The motto was originally a war cry or slogan. Mottoes first began to be shown with arms in the 14th and 15th centuries, but were not in general use until the 17th century. Thus the oldest coats of arms generally do not include a motto. Mottoes seldom form part of the grant of arms: Under most heraldic authorities, a motto is an optional component of the coat of arms, and can be added to or changed at will; many families have chosen not to display a motto.

Motto: Au playsir fort de dieu
Motto Translation: In high-pleasure of God


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Eggscown Family Crest Products


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Eggscown Family Crest Products




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See Also


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See Also




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Citations


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Citations



  1. ^ Shirley, Evelyn Philip, The Noble and Gentle Men of England; The Arms and Descents. Westminster: John Bower Nichols and Sons, 1866, Print.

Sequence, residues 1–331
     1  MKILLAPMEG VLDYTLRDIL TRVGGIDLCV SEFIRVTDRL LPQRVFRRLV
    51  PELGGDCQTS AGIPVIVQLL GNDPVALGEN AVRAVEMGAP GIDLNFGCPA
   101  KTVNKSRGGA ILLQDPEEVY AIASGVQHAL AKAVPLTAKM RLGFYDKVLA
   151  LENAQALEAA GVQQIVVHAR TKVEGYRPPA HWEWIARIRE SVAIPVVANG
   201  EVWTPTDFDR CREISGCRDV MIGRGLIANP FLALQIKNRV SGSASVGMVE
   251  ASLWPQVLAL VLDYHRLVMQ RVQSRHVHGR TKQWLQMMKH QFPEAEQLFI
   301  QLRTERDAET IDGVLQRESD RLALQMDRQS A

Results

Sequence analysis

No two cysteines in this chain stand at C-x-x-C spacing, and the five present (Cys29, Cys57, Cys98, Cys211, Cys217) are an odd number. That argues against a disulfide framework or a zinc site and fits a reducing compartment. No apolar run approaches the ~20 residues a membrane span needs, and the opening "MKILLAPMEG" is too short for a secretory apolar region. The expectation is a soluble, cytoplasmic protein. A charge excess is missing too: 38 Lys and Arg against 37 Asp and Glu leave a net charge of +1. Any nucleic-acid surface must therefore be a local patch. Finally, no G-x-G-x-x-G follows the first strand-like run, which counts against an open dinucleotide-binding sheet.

2. ^ Lewis, Samuel, A Topographical Dictionary of England. Institute of Historical Research, 1848, Print.

Other References

  1. Bullock, L.G. Historical Map of England and Wales. Edinburgh: Bartholomew and Son, 1971. Print.
  2. Best, Hugh. Debrett's Texas Peerage. New York: Coward-McCann, 1983. Print. (ISBN 069811244X).
  3. Sanders, Joanne McRee Edition. English Settlers in Barbados 1637-1800. Baltimore: Genealogical Publishing. Print.
  4. Reaney P.H and R.M. Wilson. A Dictionary of English Surnames. London: Routledge, 1991. Print. (ISBN 0-415-05737-X).
  5. Leeson, Francis L. Dictionary of British Peerages. Baltimore: Genealogical Publishing, 1986. Print. (ISBN 0-8063-1121-5).
  6. Matthews, John. Matthews' American Armoury and Blue Book. London: John Matthews, 1911. Print.
  7. Williams, Dr Ann. And G.H. Martin, Eds. Domesday Book A Complete Translation. London: Penguin, 1992. Print. (ISBN 0-141-00523-8).
  8. Fairbairn. Fairbain's book of Crests of the Families of Great Britain and Ireland, 4th Edition 2 volumes in one. Baltimore: Heraldic Book Company, 1968. Print.
  9. Le Patourel, John. The Norman Empire. New York: Oxford University Press, 1976. Print. (ISBN 0-19-822525-3).
  10. Browning, Charles H. Americans of Royal Descent. Baltimore: Genealogical Publishing. Print.
  11. ...

The Eggscown Family Crest was acquired from the Houseofnames.com archives. The Eggscown Family Crest was drawn according to heraldic standards based on published blazons. We generally include the oldest published family crest once associated with each surname.

This page was last modified on 29 August 2016 at 14:02.